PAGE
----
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Valve’s Vive Eliminates Motion Sickness and Eye Strain, Says Gabe Newell
Valve is said to have created a new technology that effectively eliminates the problem of motion sickness for virtual reality.
In an interview with the New York Times, co-founder and managing director Valve Gabe Newell described some VR technologies as the “world’s best motion sickness inducers.”
While virtual reality does sound like a fascinating experience, the real-life simulation rarely feels normal for users after long durations. It’s an issue that has plagued every virtual reality project.
Valve however, has broken through that obstacle. According to Newell, “zero percent of people get motion sickness” when trying out Valve’s new system. Additionally, the company’s device is also easy on the eyes and players have also not complained about eye strain.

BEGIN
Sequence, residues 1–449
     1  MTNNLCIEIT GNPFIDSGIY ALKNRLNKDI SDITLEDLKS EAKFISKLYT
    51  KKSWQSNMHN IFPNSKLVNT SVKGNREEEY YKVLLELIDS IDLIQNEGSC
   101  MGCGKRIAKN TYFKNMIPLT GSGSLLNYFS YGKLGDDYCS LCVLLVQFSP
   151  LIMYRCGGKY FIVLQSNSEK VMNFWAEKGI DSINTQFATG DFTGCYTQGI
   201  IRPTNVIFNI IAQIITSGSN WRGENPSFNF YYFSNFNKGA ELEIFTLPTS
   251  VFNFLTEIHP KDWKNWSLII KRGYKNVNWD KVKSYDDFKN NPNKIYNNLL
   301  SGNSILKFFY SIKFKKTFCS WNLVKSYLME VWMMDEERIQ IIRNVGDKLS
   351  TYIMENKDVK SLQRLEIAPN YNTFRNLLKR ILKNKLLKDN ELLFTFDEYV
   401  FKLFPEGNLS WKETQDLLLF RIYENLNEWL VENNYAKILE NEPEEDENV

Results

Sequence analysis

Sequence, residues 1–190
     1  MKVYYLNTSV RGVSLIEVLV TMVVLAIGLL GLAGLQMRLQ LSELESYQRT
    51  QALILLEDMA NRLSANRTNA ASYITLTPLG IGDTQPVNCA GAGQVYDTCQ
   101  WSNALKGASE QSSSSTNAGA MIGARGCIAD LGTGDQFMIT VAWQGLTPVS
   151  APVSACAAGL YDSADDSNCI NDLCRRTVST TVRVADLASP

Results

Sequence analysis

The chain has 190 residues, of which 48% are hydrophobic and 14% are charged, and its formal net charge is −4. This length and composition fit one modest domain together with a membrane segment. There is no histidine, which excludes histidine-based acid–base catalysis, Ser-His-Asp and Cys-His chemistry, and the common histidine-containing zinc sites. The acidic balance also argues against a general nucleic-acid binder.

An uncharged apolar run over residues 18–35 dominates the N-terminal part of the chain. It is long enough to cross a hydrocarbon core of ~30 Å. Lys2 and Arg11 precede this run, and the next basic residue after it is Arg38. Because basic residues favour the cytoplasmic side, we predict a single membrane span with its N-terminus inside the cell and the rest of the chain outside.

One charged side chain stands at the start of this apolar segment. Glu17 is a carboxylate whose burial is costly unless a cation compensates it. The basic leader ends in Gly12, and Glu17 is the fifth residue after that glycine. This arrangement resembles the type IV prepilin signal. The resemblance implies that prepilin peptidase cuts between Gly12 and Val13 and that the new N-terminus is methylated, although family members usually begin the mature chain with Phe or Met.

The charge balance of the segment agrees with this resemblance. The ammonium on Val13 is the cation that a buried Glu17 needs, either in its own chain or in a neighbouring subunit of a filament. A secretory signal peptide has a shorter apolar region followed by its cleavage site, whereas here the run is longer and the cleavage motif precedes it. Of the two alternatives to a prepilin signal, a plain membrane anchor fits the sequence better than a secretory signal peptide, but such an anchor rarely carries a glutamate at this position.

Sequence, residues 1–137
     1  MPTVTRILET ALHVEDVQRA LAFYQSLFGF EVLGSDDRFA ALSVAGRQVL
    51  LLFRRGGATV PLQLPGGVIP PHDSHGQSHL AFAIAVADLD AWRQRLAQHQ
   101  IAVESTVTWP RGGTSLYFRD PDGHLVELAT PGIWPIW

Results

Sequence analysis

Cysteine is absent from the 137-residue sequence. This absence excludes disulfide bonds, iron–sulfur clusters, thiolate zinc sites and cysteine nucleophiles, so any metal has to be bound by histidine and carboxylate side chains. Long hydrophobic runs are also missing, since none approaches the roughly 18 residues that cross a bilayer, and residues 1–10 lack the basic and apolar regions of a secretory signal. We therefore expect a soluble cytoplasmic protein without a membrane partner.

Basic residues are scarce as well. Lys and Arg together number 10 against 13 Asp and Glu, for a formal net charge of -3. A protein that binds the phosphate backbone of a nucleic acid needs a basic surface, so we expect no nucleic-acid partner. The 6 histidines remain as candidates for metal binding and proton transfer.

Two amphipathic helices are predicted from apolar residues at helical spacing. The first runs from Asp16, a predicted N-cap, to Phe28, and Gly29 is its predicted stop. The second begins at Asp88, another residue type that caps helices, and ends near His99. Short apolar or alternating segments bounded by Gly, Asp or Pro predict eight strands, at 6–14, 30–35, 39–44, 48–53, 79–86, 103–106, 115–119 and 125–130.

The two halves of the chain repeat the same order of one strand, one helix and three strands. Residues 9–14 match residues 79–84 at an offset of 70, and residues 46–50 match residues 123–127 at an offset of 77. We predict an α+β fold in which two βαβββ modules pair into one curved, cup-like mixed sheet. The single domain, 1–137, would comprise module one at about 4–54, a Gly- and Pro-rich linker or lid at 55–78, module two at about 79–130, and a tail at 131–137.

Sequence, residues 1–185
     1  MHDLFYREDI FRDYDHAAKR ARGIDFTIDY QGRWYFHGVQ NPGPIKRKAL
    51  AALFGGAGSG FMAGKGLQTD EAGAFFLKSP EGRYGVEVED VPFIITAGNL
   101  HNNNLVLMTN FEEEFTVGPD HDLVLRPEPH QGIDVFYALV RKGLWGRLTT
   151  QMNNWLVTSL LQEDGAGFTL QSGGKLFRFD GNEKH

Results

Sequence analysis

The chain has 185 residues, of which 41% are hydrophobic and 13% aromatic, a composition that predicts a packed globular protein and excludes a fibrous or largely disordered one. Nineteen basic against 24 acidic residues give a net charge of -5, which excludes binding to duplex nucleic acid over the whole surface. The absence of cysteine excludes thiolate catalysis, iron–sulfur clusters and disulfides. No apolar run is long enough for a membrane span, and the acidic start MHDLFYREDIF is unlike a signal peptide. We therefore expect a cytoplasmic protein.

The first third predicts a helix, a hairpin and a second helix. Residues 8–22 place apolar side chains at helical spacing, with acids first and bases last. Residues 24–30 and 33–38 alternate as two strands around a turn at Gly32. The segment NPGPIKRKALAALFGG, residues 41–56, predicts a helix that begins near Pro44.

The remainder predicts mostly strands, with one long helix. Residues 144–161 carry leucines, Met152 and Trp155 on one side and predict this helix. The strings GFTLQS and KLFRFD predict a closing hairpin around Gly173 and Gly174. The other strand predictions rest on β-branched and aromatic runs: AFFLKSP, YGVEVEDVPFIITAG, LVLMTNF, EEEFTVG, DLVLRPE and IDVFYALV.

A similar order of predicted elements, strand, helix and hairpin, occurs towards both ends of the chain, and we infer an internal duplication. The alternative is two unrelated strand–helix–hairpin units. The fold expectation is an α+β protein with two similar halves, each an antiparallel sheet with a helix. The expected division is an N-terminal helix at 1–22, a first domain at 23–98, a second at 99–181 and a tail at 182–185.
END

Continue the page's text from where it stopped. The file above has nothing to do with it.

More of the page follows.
Vive was announced over the weekend by smartphone manufacturer HTC, who is working in collaboration with Valve to make the company’s VR device. It features a 1,200 by 1,800 pixel screen in front of each eye with refresh rates of 90 frames per second. A developer kit will arrive this year, but the consumer version is being targeted for a mid 2016 release.
Alongside Vive, Valve also announced its new Source 2 engine and a streaming service called Steam Link. It will allow users to broadcast their games from Steam Machines, PC, Mac, and Linux PC within a network. It will support 1080p gaming at 60Hz. Steam Link will be available this November for $49.99.